Practicing together with other table tennis players on a weekly basis establishes team spirit. Think about it, when playing competitive club matches, you might view your opponent as an enemy.
However, when training together in a group session, you look at your opponent as a teammate and think more about how to continue the rally longer, how to challenge your practice partner to move wider or faster or possible to spin more or give more variation.
When playing table tennis together in a group session, players are working together to improve together. This is important as some players can only be motivated by peers.
When training in a group, you must always learn to adjust when changing from one practice partner to another. This is exactly like you must do in a table tennis tournament.
Just because you can loop Adam’s push, doesn’t necessarily mean that you can loop John’s and Michelle’s pushes. Learning to adjust from opponent to opponent is one of the most valuable skills needed to become tournament tough.
The more people you get to practice with, the better you get at understanding the game as you get more experienced.
3.) Practice Partners
One of the biggest complaints that I commonly hear is something like this, “I don’t have anyone I know that knows how to do drills.” At first, it is difficult for anyone to do drills because it requires some patience, persistence and concentration.
However, after learning how to do the drills in a group setting, you will become much more comfortable after a few months. Once you have been doing drills with other players for several months, you will then have practice partners who may be willing to come to your home and train with you.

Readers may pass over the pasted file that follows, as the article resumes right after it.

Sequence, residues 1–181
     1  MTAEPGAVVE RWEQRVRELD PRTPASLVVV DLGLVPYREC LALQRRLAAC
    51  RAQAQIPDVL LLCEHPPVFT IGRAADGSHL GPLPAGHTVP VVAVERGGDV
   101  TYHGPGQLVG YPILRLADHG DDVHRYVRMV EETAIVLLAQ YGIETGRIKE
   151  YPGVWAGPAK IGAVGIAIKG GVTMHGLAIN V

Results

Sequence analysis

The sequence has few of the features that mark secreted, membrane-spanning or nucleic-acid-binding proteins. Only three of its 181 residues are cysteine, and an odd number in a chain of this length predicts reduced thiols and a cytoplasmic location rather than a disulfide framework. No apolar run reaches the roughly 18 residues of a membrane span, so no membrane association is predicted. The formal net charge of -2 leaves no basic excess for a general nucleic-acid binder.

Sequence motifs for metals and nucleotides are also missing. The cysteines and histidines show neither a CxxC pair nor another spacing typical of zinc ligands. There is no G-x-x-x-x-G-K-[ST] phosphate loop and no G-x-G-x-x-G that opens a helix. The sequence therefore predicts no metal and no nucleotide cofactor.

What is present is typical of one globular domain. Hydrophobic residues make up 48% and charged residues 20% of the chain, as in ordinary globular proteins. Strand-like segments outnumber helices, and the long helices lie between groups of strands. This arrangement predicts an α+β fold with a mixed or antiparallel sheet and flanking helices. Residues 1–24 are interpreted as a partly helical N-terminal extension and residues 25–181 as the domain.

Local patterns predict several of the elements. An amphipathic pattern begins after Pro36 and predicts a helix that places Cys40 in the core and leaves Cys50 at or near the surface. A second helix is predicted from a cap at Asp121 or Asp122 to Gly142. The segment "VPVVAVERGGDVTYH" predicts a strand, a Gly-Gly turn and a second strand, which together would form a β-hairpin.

The difficulty is in the first few months. At first, many players get discouraged because they can’t properly control the ball, often give up, and merely play games.
If you can be persistent for doing group training for a few months, you will learn that it pays off big time and you will have practice partners for life. Of course, your practice partners need to have the same goal as you, as well as the willingness to work hard to improve.
Typically, private lessons from a professional table tennis coach cost around $50-$100/hour.
After several months, many players can’t afford this. Typically, group classes are $10-$20/hour.
This is a bit more affordable.
You have heard of the expression, “Rome wasn’t built in a day,” and neither is your table tennis game going to be built in a day.
The best improvement comes with consistent training over a 3-5 year time span. Be persistent, be consistent and try to make small improvements in each aspect of your game every day.
5.) Social Aspect
I see many players wandering aimlessly around the table tennis club or tournament – they have no friends, they have no practice partners, they have no one to cheer for them, they have no one to share their joys or sorrows with.
It is a general principle that you need to be willing to see your fellow club members as friends, not enemies. Participating in group sessions is a great way to do this. Once you develop these friendships, you can then go to table tennis tournaments as teammates, not rivals